Such was the truth about the old DDR, so revered by people like Slavoj Zizek and Katrin Bennhold, and certainly many others who pine away for the good old days of socialism. With this background, one can really appreciate the STASI Museum. It was developed at the actual site of the Stasi headquarters, after the regime fell in 1990. As the Museum’s brochure notes, until 1989 “the whole building complex was highly secret.” That it is now accessible is thus “of symbolic significance to a lot of Eastern German citizens and others who encountered the country in one or the other way.” Enraged ex- citizens of the DDR, working with West Berlin supporters, saw a need to inform Germans about the reality of the old dictatorship and the role played by the Ministry of State Security in propping it up. Its purpose, they declare, “is to encourage the critical examination of the system and the history of East Germany as well as the actual threats to freedom and democracy.”
Accessible, however, is not entirely accurate. When you exit the nearest subway stop, you can see a large sign with an arrow pointing to the site. Following the arrow, you immediately enter one of those Stalinist era apartment complexes, composed of grey stone look-alike dwellings that are massive, non-descript and somewhat intimidating. There is not one sign as to where the museum can be found. We asked some people where the museum could be found. Several didn’t know. Finally we found someone who pointed to the building rather disdainfully.
Within the walls of this unidentified building sat the headquarters where the repressive regime developed its powerful surveillance techniques on which to spy on the citizenry of the DDR. The STASI was run by its longtime chief, the hated Erich Mielke. To our eyes, his office appears staid and simple; to the postwar residents of East Germany, this was one of the fanciest offices. The brochure tells us, “every detail reflects the atmosphere and the spirit of this machinery of power.”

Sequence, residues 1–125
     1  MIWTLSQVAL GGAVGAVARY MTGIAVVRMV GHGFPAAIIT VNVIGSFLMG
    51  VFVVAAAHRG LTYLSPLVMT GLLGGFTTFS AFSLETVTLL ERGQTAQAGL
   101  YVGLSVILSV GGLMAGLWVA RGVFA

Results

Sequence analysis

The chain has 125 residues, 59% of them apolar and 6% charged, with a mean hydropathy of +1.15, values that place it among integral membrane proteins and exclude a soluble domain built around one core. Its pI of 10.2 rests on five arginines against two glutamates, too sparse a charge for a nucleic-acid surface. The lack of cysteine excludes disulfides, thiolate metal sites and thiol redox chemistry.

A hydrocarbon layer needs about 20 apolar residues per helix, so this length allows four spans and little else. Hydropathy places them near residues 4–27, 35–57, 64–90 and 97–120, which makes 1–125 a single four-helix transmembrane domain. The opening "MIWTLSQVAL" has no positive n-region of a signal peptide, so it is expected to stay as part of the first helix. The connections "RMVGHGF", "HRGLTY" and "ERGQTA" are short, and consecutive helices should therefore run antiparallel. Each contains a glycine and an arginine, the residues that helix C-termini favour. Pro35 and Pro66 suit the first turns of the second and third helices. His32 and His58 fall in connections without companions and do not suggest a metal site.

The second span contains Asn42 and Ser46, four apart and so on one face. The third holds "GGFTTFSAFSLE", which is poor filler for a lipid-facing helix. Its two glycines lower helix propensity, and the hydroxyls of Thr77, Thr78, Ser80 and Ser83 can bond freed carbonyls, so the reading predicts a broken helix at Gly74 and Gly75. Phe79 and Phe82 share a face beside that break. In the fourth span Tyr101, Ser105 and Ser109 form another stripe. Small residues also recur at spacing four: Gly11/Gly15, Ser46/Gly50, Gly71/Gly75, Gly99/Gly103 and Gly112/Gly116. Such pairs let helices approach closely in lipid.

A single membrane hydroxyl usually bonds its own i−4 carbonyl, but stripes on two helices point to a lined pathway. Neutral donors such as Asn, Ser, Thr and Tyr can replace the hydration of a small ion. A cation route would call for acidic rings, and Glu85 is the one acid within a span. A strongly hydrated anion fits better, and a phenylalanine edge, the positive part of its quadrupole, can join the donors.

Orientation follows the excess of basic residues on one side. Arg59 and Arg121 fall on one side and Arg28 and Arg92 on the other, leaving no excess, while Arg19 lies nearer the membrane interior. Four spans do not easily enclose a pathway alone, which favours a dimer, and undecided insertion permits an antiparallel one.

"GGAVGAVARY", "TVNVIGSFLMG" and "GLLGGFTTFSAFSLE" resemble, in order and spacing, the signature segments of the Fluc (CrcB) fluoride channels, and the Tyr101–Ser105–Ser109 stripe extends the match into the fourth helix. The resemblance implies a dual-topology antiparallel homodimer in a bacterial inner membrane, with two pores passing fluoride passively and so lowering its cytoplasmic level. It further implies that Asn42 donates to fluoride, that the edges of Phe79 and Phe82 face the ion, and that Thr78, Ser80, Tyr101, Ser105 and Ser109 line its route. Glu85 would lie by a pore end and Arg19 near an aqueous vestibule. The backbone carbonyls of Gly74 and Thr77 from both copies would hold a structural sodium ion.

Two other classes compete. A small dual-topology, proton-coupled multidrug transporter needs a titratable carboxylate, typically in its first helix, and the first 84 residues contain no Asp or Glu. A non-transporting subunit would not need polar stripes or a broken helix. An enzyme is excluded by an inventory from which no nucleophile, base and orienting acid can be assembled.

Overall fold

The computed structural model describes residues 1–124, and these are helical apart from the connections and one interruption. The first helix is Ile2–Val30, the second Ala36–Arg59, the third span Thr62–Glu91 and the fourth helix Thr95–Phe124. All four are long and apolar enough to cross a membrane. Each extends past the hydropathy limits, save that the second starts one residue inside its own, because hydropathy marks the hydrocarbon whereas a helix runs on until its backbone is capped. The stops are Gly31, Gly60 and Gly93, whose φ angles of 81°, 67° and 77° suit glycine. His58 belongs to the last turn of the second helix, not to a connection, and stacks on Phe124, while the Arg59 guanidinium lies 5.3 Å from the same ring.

The museum is festooned with every type of propaganda-- posters and exhortations nowhere to be found in the popular DDR Museum. For example, here is a poster extolling the career and example of Felix Dzierzynski, founder of the original Soviet secret police, the CHEKA.
One can also find examples of the brave citizens who risked their freedom by publishing opposition material:
One can also see the extent to which the STASI went to snoop on the DDR’s citizens. Here is a recording device hidden in a book.
And yet another concealed in a simple log, so that those roaming in a park would never be out of sight.
Yet others were in secret cameras, and even a man’s necktie, so that one could be recorded completely unawares, and even in a common button.
At home, one was expected to always have proof of one’s loyalty, such as doormats, photos, and the like, such as these
For those caught, of course, this was the final outcome, the STASI prison cell, in which you could be confined for years, and from which you would be led to continual interrogation.
Like any totalitarian regime based on ideology, the regime’s most threatening opponents were those who saw themselves as Marxists, but wanted Gorbachev style reform in the DDR. One exhibit shows the propaganda against the singer-songwriter Wolf Biermann, whom I wrote about yesterday, and the Marxist theorist, Rudolph Bahro, who became popular in the West when he penned a treatise called The Alternative in Eastern Europe, for which he was tried, and found guilty in 1978 of “treasonous collection of the news” and of course, “betrayal of state secrets.”
Sentenced to eight years in prison, Bahro was released in 1979 and like Biermann, expelled to West Germany.
There is an incredible amount of material in the Stasi Museum. Unfortunately, for non-German English speakers there is little that is translated or interpreted in English, but as you can see from my visuals, a picture speaks a thousand words.